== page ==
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recombinant DNA

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Introduction

AS biology course work on recombinant DNA Brief description of RDNA Recombinant DNA is the general name for taking a piece of one DNA, and and combining it with another strand of DNA. Thus, the name recombinant Recombinant DNA is also sometimes referred to as "chimera." By combining two or more different strands of DNA, scientists are able to create a new strand of DNA. The most common recombinant process involves combining the DNA of two different organisms. The Recombinant DNA technique was engineered by Stanley Norman Cohen and Herbert Boyer in 1973. They published their findings in a 1974 paper entitled "Construction of Biologically Functional Bacterial Plasmids in vitro", which described a technique to isolate and amplify genes or DNA segments and insert them into another cell with precision, creating a transgenic bacterium. Recombinant DNA technology was made possible by the discovery of restriction endonucleases by Werner Arber, Daniel Nathans, and Hamilton Smith, for which they received the 1978 Nobel Prize in Medicine. (reference:http://en.wikipedia.org/wiki/Recombinant_DNA , info taken on 25 january 2008. ...read more.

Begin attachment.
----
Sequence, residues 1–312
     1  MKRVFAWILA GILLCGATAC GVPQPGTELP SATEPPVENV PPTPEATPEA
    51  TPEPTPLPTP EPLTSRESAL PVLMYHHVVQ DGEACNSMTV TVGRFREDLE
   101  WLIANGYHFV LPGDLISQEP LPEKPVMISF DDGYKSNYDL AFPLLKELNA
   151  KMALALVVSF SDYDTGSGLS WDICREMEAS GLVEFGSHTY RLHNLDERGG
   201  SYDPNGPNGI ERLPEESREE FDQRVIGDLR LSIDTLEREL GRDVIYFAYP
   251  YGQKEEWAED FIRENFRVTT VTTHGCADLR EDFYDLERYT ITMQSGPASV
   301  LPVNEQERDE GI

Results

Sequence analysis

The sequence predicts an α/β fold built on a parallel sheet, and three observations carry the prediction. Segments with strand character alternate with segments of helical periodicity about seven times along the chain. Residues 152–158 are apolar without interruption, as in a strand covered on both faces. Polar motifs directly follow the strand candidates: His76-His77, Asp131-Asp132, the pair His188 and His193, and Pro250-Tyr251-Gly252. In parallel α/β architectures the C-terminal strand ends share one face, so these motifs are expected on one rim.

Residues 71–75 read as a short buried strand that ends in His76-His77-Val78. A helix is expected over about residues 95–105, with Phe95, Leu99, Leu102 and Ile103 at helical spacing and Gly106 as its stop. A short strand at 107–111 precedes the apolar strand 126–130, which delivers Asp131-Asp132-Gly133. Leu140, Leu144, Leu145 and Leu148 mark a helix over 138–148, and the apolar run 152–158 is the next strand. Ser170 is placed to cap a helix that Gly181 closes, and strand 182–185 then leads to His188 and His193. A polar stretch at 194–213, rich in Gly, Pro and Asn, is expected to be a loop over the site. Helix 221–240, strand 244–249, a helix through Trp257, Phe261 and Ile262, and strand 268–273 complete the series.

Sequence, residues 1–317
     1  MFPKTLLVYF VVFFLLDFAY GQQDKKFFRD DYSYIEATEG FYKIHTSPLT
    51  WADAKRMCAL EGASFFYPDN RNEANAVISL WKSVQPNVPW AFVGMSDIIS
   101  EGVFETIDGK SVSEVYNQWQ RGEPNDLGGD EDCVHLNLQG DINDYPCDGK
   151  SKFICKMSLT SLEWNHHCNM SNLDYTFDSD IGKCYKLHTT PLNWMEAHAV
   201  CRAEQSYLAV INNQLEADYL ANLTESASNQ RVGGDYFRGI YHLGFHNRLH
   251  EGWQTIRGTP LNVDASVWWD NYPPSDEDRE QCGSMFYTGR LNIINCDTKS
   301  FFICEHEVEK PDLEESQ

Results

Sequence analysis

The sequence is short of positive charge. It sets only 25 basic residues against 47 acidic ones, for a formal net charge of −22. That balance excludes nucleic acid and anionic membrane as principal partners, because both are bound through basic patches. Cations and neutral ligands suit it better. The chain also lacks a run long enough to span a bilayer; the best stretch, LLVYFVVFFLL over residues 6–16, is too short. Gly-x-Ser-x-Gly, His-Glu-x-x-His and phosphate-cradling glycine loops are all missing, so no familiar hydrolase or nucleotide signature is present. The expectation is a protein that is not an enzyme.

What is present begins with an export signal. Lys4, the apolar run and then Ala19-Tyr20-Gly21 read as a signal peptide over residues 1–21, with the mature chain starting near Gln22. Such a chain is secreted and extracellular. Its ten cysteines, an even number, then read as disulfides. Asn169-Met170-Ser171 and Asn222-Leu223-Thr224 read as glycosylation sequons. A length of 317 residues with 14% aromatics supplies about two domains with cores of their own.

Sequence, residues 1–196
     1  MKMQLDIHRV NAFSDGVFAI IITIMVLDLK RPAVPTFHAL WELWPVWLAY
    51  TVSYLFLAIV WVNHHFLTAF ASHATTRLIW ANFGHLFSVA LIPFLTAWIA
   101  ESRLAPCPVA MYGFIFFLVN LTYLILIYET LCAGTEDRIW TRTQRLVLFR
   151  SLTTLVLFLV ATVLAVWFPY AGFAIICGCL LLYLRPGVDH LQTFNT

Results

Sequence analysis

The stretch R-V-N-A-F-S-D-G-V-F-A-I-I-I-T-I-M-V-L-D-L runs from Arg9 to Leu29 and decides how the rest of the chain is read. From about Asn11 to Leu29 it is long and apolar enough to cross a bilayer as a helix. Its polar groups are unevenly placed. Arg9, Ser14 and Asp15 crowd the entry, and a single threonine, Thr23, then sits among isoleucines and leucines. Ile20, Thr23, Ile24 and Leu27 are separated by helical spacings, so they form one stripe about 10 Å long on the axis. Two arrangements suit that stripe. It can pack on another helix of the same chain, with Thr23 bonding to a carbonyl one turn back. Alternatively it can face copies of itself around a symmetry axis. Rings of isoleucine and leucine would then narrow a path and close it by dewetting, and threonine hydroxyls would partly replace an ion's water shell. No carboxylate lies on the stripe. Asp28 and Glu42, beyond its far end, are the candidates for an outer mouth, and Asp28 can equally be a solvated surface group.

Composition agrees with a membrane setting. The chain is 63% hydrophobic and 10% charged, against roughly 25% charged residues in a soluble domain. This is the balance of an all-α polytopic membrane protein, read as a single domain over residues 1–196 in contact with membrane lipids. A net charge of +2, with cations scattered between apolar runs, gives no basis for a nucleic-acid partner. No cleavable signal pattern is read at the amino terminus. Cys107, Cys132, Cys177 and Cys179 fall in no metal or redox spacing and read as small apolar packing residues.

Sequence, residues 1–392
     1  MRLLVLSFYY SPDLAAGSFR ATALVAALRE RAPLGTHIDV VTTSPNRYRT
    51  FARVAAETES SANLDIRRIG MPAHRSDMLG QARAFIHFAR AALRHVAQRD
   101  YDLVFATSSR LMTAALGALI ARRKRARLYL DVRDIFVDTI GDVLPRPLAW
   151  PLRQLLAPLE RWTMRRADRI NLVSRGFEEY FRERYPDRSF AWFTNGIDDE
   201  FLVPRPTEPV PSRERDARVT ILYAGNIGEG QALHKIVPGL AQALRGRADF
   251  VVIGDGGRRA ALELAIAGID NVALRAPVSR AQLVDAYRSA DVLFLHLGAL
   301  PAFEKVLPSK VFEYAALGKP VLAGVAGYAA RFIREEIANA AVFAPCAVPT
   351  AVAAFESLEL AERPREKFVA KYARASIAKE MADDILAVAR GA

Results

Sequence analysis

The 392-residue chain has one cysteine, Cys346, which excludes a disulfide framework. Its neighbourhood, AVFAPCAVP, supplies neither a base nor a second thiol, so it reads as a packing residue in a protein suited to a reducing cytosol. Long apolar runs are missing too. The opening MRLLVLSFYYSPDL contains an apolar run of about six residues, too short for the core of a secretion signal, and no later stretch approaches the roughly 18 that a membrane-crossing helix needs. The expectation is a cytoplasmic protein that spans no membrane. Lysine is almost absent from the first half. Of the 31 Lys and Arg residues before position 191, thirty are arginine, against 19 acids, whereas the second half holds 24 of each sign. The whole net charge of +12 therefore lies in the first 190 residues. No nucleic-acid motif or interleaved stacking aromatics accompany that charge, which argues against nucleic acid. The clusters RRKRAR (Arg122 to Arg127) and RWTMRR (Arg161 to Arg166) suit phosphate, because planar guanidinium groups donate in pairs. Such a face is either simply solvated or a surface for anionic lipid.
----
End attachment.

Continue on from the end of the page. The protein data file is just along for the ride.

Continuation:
Middle

DNA fingerprinting identifies similarities in DNA and can indicate evolutionary relationships, paternal or maternal identity, or someone's presence at a crime scene. Gene theraphy- is when a human gene is used to replace a missing defective gene in the humab. Cells can be altered by insertion of genes inside the body or by genes outside the body. Treatments have been developed using gene therapy for diseases like severe combined immunodeficiency and Cystic Fibrosis. How does recombinant dna affect the environment? Better crops mean that people have a large supply of food to sell and it keeps the economy functioning successfully also the large supply of food can be used to aid world hunger in poorer parts of the world as they are now drought and heat resistant. People are being protected from genetic diseases such as cystic fibrosis. Insulin can now be produced at a faster rate and much more cheaply, diabetic patients can now be treated much more affectively. Genetic technology has now advanced to help people with diseases such as cystic fibrosis ways new scientist shows how the different people feel and what its actually about. ...read more.

Conclusion